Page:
Keir Starmer has described the claims made by Dominic Cummings during his evidence session on Wednesday as “very serious allegations in relation to the Health Secretary” but added that the “buck stops with” Boris Johnson.
Discussing evidence given to select committees by the former adviser to the Prime Minister in an interview with Sky News this afternoon, the Labour leader said they “paint a picture that actually leads to the Prime Minister”.
“[There are] very serious allegations from Dominic Cummings about the chaos and incompetence in the decision making in the government,” Starmer said today. “And there are consequences to that in relation to those that have died.
“What we need to do is put what Dominic Cummings said alongside the facts. We know we’ve got one of the highest death tolls in Europe and the families who’ve lost someone are entitled to answers, because bad decisions have consequences and in this case the consequences I’m afraid are unnecessary deaths.”
Asked whether Matt Hancock should resign, Starmer said: “There are very serious allegations in relation to the Health Secretary. So serious that if true, they are a breach of the ministerial code and that has obvious consequences.
“We need to get to the bottom of it. Dominic Cummings can’t be the last word on this. We need to get all the available evidence. We need to see the answers that the Health Secretary puts forward.
“The select committee needs to have all the evidence – but they’re very, very serious allegations. They paint a picture that actually leads to the Prime Minister and the buck stops with him.”
"The families who've lost someone are entitled to answers."
Sir Keir Starmer says Dominic Cummings' allegations against Matt Hancock are "very serious" and must be properly reviewed with evidence, adding "the buck stops" with the Prime Minister."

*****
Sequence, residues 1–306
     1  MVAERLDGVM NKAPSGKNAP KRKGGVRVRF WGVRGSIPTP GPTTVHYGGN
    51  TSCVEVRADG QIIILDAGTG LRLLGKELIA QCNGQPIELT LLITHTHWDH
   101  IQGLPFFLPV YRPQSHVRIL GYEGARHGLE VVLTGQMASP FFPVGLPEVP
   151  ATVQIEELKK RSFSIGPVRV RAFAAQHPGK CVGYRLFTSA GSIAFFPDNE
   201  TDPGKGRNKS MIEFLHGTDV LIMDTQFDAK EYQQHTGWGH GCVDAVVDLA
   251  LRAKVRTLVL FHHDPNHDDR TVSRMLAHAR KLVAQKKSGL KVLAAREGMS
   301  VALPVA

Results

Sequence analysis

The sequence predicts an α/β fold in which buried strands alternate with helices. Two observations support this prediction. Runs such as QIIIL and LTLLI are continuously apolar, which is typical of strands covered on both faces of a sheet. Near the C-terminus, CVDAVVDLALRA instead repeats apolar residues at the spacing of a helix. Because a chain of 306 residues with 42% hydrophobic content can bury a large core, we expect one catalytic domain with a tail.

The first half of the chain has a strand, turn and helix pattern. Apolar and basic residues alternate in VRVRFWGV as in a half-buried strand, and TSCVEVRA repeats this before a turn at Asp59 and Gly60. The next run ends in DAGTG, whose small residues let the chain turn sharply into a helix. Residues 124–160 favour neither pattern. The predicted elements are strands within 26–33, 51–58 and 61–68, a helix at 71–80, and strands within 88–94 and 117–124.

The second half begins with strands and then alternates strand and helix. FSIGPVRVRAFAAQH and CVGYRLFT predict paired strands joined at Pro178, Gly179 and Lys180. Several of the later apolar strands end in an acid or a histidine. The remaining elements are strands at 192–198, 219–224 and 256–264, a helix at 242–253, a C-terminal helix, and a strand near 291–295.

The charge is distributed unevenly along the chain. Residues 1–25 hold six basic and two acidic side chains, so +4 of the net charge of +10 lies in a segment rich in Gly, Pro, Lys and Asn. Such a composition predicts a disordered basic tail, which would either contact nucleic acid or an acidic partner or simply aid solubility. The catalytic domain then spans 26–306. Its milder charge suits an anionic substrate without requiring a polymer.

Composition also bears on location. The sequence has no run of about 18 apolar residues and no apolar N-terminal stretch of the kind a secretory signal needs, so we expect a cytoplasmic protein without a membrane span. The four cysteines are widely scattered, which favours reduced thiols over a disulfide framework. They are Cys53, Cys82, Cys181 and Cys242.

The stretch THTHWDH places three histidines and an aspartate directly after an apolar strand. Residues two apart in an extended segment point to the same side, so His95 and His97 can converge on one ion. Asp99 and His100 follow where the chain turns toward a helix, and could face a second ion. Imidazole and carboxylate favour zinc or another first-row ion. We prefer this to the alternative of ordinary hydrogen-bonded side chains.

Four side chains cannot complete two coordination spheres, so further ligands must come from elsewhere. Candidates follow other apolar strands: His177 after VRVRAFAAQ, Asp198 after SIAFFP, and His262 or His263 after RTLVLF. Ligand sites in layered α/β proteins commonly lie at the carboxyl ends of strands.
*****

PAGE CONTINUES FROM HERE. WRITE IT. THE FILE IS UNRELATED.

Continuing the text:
— Sky News (@SkyNews) May 27, 2021
Cummings gave evidence to the science and health select committees on Wednesday for seven hours, telling MPs that he told Johnson that Hancock should have been sacked “almost every day” for alleged “criminal” behaviour.
The former political adviser told the committees that the Health Secretary lied on a number of occasions. He alleged Hancock blamed NHS England chief executive Simon Stevens and Rishi Sunak for having “blocked approvals” for PPE in the crisis.
Cummings said he told Cabinet Secretary Mark Sedwill to investigate this particular claim and that Sedwill reported that it was “completely untrue”, meaning he had “lost confidence in the Secretary of State’s honesty in these meetings”.
The Health Secretary should have been fired for “at least 15 to 20 things, including lying to everybody on multiple occasions”, the committees heard. Cummings said he, Sedwill and other senior officials had urged Johnson to do so.
The former political adviser alleged that the Prime Minister had been advised not to sack the Health Secretary “because he’s the person you fire when the [public] inquiry comes along”.
He argued that there is “no doubt at all that many senior people performed far, far disastrously below the standards which the country expects” and told the committee members this afternoon that Hancock was “one of those people”.
Cummings also said Hancock lied when he claimed that “everyone who needed treatment got the treatment they required” over the summer last year.
“He knew that was a lie because he’d been briefed by the chief scientific adviser and the chief medical officer himself about the first peak, and we were told explicitly people did not get the treatment they deserved. Many people were left to die in horrific circumstances.”
Starmer challenged Johnson over the evidence, which was still being given to the committee at the time, during PMQs, including the claim that Johnson argued “Covid is only killing 80-year-olds” when delaying lockdown.
Asked whether the Cabinet Secretary and Cummings had told the Prime Minister to sack Hancock, Johnson said it was untrue and he had not seen any evidence of that. His spokesperson later said Johnson has “full confidence” in Hancock.
Cummings also said Johnson was “unfit” for office because he refused to order a lockdown. He alleged that Johnson did say he would rather let the “bodies pile high” than order a third lockdown last year. Johnson has denied saying this.
Hancock faced an urgent question in parliament this morning. After challenging the Health Secretary on the claims made by Cummings, Jonathan Ashworth noted that Hancock “did not respond to the specific allegations”.